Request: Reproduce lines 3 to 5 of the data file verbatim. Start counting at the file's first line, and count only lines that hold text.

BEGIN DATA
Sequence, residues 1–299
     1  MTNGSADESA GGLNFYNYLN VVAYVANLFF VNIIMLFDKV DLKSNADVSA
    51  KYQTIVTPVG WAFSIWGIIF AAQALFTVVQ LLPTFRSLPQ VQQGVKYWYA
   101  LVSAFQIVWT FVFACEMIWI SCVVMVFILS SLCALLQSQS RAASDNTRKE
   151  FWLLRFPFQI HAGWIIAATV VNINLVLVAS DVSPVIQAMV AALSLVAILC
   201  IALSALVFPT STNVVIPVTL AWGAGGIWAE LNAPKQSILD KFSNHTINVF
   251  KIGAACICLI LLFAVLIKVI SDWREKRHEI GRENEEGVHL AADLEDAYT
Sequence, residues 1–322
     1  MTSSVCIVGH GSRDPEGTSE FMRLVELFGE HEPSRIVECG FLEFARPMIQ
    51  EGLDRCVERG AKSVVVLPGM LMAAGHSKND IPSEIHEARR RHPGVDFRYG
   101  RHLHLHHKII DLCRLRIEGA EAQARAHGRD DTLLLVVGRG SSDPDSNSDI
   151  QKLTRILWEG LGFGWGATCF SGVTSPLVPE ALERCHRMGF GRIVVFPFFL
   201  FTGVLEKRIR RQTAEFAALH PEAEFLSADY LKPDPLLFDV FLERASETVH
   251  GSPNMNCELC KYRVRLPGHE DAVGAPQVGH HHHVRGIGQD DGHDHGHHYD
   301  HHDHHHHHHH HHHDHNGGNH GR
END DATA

    51  KYQTIVTPVG WAFSIWGIIF AAQALFTVVQ LLPTFRSLPQ VQQGVKYWYA
   101  LVSAFQIVWT FVFACEMIWI SCVVMVFILS SLCALLQSQS RAASDNTRKE
   151  FWLLRFPFQI HAGWIIAATV VNINLVLVAS DVSPVIQAMV AALSLVAILC